In the study a group of research scientists from the University of Melbourne, the Institute of Marine Research Norway (IMR) and the Norwegian University of Science and Technology used tags to investigate the response of farmed salmon to parasites, track how salmon swim in new cage environments and test their ability to learn new behaviours.
Through this work, the researchers noticed tags do not always work as intended, and sometimes affected the fish negatively.
"If tags are to provide useful information relevant to the whole population of untagged fish, the behaviour and welfare of tagged fish must not be compromised by the tagging process. But if tags change the behaviour or welfare of fish, the information they give may not represent the wider untagged population," the reseachers note.
As a result, they decided to dig deeper and, after receiving funding from the Research Council of Norway, they systematically reviewed studies that used tags to monitor farmed fish behaviour. Several concerning discoveries emerged.
Firstly, tagged fish mortality was 10 times higher in studies conducted in sea cages compared to tanks. In the cages, one in four tagged fish died within the period they were studied, and in general, the longer the study, the higher the mortality rate. And in many studies, important information, like the mortality rates of tagged and untagged fish, was not reported, which makes it difficult to work out the effects of tags.
Why tags affect fish welfare in sea cages
Experiments conducted in small tanks are typically done under controlled culture conditions, where researchers can largely prevent poor water quality and other adverse events, like algal blooms or pollution. In comparison, experiments conducted in large sea cages, filled with thousands of individuals expose fish to stressful condidtions - including fluctuating temperatures, salinity, dissolved oxygen, current, pollutants and pathogens - which can affect their behaviour, welfare and survival.
These findings have several implications:
- Results obtained in tanks are likely not transferrable to sea cage environments.
- High mortality rates in sea cage experiments call into question how representative tagged fish are of the whole fish population.
- Tagging in marine sites poses significant animal welfare issues.
"Tagging is stressful for fish – being captured, handled and undergoing surgery are not experiences a fish would normally go through. In sea cages, fish are also exposed to other stressful conditions like crowding or environmental extremes – and unlike the wild, caged fish cannot swim away from unpleasant conditions," say the researchers.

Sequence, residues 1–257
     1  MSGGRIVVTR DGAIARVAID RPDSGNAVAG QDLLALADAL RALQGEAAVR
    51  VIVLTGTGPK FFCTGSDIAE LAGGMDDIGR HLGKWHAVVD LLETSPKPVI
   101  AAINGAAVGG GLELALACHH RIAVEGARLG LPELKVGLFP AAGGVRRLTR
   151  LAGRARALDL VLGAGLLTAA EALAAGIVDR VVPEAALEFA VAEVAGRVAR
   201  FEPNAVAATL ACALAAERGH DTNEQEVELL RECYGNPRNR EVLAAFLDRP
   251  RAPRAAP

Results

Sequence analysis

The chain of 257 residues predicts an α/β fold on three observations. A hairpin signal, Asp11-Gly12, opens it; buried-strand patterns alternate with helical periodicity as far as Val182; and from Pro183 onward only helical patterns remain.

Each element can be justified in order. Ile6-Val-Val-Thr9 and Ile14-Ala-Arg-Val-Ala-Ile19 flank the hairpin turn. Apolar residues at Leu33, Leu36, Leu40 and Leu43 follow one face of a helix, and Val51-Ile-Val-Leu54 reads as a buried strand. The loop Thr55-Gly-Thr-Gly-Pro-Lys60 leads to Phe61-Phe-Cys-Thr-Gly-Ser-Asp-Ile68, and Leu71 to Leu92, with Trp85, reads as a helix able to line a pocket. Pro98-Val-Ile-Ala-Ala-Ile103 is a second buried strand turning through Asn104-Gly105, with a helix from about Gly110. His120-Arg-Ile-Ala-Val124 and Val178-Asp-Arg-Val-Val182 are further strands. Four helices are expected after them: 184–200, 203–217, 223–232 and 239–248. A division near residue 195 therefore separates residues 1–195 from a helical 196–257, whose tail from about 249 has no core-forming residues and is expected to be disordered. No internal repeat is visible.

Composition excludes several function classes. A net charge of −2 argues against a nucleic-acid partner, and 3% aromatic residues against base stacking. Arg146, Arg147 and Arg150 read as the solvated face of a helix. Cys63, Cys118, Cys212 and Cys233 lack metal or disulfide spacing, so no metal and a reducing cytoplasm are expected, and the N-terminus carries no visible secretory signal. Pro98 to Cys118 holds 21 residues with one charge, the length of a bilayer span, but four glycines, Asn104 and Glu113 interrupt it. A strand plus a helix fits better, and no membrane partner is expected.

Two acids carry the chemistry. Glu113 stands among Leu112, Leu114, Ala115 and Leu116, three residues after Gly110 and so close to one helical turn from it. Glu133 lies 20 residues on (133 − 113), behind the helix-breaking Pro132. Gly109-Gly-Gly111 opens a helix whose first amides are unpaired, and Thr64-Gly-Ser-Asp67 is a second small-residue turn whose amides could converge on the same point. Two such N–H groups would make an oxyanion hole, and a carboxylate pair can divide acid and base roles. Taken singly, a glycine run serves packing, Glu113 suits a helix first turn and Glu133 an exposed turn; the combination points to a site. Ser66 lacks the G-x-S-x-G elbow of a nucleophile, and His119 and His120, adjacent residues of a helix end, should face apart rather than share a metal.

"We think the additional stressors present in the sea-cage environment make it harder for fish to recover from the initial stress of tagging and that this leads to a lower chance of survival," they add.
"Based on our results, we recommend more rigorous use of the ‘3Rs’ framework when tagging fish in aquaculture, which are the guiding principles for humane use of animals in scientific studies and include:
- Replacement, which encourages removing the use of animals completely.
- When animals must be used, Reduction minimises the number of animals being used.
- Refinement ensures research methods are advanced so that animals experience the least amount of suffering possible."
A paper on the study, published in the journal Reviews in Aquaculture, suggests replacement of tags where possible with unobtrusive, behavioural monitoring technologies - like sonar, video or computer imaging.
However, where researchers need to use tags they recommend reducing the number of fish tagged to a minimum that will still provide large enough sample sizes to get relevant results.
They also have recommendations for future tagging research to refine the tagging procedure by encouraging researchers to:
- Carefully record the tag attachment procedure, including important information like tag dimensions, water temperature and type of anaesthetic used.
- Provide information about any physical effects from tagging, such as if fish display inflammation near the tag attachment site.
- Compare the behaviour of tagged and untagged fish throughout the experiment.
- Report how many tagged fish and how many untagged fish died throughout the experiment.
By reporting this information, it should allow researchers to determine whether tags are negatively affecting the welfare and survival of their experimental fish – and whether or not it’s a good idea to use data from tagged fish to make assumptions about untagged fish.
"Our results shed light on a practice that is gaining popularity – but needs considerable improvement to ensure it is a safe method for fish, which also produces reliable results.
"As tagging technology become cheaper and more sophisticated, tags will continue to be a popular choice among scientists who research farmed fish. While tagging has a lot of promise, it needs significant improvement to safeguard the welfare of tagged fish in aquaculture.